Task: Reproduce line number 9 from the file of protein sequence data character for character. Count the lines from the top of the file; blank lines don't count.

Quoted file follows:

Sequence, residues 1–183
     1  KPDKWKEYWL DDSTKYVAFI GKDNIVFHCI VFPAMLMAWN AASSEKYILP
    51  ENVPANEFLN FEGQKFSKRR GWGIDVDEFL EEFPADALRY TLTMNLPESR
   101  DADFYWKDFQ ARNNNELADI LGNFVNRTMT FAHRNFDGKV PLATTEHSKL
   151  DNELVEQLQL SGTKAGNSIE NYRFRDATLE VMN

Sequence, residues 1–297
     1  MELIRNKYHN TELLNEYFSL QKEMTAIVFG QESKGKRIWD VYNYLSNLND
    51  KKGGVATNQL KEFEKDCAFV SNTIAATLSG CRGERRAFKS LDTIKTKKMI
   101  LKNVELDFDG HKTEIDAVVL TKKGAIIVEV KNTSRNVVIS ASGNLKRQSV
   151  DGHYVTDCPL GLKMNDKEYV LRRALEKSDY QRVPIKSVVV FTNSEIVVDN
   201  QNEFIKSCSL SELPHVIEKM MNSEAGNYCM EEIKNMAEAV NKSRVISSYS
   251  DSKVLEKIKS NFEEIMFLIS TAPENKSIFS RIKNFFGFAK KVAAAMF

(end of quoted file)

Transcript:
   101  LKNVELDFDG HKTEIDAVVL TKKGAIIVEV KNTSRNVVIS ASGNLKRQSV